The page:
FRIEL WORLD
1/1/2019

True Colors: Whose Hues to Choose?

John Friel
The long-awaited Pantone Color of the Year has dropped. The winner: Pink. Or, as Pantone calls it, Living Coral, a.k.a. Pantone 16-1546.

I find myself poking fun at fewer things as the years pass, or at least at different things, but the breathless prose swaddling each new COY remains an irresistible target.

We’re all guilty of anthropomorphizing. We do it with our pets, cars and computers, which makes a modicum of sense since those things interact with us, often in eerily human ways.

But a color? The outer surface of a garment, minivan, flowerpot or throw pillow? It takes a vivid imagination to assign human-like emotions to a paint can’s contents. Pantone’s wordsmiths rise exuberantly to the challenge every year.

Living Coral, per Pantone’s press release, “embraces us with warmth and nourishment (and) provide(s) comfort and buoyancy.” Wait, there’s more! It’s “sociable and spirited ... animated and life-affirming ... nurturing ... convivial, (with) humanizing and heartening qualities.” Still hungry? It also “welcomes and encourages lighthearted activity” and “embodies our desire for playful expression.” Wow.

Is it a color, or a daycare center? If 16-1546 were a person, it’d be a mashup of the best qualities of Mr. Rogers, Oprah, the Partridge Family and your mom, played by Tom Hanks with a Vanna White smile. It would do yoga. You’d want to live in its neighborhood.

See? Dissing the COY is good sport. Easy pickings. But we green industry types ignore it at our peril.

We are, increasingly, slaves to color, and influencers everywhere pay rapt attention to what new hues spew from the world’s paint guns, looms, cosmetics mills and kilns. Pantone has set the tone for 20 years.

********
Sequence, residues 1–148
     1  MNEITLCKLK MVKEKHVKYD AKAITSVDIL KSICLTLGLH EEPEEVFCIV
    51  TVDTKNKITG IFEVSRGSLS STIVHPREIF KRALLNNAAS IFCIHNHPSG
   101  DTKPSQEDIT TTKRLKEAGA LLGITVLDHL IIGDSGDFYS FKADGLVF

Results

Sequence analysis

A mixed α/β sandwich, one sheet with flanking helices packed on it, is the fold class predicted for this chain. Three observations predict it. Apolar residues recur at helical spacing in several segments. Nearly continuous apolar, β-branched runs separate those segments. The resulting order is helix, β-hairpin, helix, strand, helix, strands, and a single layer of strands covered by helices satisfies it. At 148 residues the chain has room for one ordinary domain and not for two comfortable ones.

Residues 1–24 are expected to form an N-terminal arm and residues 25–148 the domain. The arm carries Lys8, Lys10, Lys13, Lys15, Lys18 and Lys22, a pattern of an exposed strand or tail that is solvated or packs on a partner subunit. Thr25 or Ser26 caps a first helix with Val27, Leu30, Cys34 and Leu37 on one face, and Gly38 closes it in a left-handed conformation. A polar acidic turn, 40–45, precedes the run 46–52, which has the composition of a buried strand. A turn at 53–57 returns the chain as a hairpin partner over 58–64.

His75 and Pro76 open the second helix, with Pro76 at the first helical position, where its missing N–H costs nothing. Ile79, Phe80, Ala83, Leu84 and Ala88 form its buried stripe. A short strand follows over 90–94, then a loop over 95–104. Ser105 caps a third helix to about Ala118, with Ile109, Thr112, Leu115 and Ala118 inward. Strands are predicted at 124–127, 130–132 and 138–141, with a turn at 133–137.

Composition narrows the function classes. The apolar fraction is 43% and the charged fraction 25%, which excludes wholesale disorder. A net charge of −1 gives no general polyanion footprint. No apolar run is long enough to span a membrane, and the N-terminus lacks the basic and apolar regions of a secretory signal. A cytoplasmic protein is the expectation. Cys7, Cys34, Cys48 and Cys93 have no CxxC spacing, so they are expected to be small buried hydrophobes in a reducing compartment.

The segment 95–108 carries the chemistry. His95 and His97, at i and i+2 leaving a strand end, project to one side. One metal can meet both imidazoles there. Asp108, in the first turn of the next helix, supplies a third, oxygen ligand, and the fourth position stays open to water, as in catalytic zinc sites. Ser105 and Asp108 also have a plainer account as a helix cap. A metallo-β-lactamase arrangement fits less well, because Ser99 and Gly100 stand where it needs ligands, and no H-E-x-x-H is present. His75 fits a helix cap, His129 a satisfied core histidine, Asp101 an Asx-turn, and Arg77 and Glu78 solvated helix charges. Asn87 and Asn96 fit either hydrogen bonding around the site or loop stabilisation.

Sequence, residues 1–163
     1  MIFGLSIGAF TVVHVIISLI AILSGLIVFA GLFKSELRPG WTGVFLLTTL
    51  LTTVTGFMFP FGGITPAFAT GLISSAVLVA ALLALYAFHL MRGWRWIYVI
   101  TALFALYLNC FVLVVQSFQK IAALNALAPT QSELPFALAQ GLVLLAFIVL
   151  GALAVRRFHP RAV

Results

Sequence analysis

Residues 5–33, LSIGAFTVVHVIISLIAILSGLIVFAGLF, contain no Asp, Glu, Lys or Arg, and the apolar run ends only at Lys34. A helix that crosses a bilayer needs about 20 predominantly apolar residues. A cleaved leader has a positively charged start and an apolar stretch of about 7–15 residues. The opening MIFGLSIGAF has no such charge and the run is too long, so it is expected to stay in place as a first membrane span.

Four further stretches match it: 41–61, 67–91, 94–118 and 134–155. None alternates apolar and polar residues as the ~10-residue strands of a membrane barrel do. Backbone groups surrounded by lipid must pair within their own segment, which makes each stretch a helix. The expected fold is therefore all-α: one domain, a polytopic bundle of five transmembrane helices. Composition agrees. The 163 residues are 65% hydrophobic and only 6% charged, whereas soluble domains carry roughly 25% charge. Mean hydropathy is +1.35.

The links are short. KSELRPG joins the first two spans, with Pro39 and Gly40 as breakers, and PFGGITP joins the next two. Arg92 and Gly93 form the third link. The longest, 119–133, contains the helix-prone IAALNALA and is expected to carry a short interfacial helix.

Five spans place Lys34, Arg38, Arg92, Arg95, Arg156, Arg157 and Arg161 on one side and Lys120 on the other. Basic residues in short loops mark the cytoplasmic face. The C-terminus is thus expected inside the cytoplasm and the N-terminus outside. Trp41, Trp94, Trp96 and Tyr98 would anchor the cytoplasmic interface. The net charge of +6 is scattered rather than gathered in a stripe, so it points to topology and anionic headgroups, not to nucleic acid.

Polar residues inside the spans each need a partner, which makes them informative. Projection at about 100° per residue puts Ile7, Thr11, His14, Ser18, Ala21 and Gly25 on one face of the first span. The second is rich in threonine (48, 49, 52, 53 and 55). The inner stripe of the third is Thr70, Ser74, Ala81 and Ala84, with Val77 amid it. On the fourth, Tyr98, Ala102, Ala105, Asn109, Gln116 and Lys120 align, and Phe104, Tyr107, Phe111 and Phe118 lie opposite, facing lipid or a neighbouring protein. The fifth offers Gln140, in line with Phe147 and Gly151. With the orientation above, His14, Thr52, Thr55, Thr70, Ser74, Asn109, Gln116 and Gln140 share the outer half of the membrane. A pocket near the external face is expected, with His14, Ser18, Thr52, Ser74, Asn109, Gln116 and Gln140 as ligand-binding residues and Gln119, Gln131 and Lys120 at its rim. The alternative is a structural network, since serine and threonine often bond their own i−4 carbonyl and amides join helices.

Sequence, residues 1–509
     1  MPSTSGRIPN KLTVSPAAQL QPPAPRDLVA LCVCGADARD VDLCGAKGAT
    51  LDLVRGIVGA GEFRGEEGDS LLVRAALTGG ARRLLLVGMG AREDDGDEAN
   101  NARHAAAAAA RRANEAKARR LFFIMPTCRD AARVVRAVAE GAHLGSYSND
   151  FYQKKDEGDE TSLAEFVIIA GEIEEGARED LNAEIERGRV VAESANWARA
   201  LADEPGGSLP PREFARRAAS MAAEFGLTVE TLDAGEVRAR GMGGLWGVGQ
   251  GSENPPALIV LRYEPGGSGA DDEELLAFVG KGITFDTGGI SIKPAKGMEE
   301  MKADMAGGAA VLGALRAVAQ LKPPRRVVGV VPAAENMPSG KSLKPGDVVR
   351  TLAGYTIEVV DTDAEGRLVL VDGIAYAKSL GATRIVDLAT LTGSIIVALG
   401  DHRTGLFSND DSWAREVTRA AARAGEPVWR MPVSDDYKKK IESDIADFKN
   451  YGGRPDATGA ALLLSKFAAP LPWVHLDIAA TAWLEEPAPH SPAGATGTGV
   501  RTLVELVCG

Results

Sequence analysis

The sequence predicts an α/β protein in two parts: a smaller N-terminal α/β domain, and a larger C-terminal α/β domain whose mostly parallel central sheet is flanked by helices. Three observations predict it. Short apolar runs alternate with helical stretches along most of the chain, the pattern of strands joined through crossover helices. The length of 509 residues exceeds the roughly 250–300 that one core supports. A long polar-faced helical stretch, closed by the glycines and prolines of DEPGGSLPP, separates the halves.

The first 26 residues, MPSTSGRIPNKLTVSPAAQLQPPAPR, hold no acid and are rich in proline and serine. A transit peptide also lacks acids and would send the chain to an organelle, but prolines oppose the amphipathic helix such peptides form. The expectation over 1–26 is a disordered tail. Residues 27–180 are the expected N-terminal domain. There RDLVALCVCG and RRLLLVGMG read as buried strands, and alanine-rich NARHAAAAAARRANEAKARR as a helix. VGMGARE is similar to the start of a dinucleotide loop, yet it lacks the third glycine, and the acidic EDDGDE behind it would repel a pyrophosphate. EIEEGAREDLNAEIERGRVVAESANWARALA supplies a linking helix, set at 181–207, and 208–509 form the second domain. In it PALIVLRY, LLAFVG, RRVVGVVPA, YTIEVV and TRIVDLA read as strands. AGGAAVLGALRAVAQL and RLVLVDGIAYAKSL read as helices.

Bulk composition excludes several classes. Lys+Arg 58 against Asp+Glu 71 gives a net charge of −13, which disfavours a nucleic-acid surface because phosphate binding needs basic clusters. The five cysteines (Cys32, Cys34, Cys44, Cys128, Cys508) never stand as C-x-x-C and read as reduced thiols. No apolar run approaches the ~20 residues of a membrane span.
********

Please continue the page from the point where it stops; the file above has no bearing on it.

Once you get over the bloviation, 14-1546 is a very good color. Warm and pleasant, it conjures—to my eye—sunsets, ripe apricots and umbrella drinks. Good times.

Choosing a Something Of The Year is by nature somewhat fraught. Whether it’s Time Magazine’s Person of the Year, the Best Picture Oscar, Motor Trends’ Car of the Year or, closer to home, the Perennial Plant Association’s Perennial Plant of the Year, you can’t please ’em all. I’ve griped about some PPA picks, even when I was on the Board nominating finalists for a members vote.

The PPOY is at least a democratic choice; the COY descends like a fiat from some fashion Valhalla to a waiting black and white world. The word appears and voilà! We’re Dorothy, waking up in Oz. It says here, embrace it.

Because even if you hate, say, Stachys Hummelo or Living Coral, you want it, and colors that work with it, on your shelves. Because it’ll be everywhere, getting lots of press. Garden center customers will be looking for what rhymes with it.

As Ball Pub Editor Ellen Wells points out, annual growers have a range to choose from, especially impatiens and geraniums. Perennial growers have many options. Agastache Kudos Coral, Astilbe Delft Lace and Lewisia Little Peach come to mind, and Heuchera Southern Comfort is a gimme. Less intuitive is Miscanthus Fire Dragon, whose blades segue through coral en route to blazing red.

I’ll stop there. Color isn’t my forte; I’m more of a color commentator.

We in the green industries are luckier than fashionistas in one sense. When hot colors lose their luster, they’re done. Think how ubiquitous teal was in the ’90s. Car dealers were back-ordering teal cars. Seen any lately? By contrast, every PPA POY pick is still selling.

I vehemently reject the notion that we sell mere ornaments or compete for “entertainment” dollars. But we’re not immune to fads and fashions. Make them your allies. GP


John Friel is marketing manager for Emerald Coast Growers and a freelance writer.

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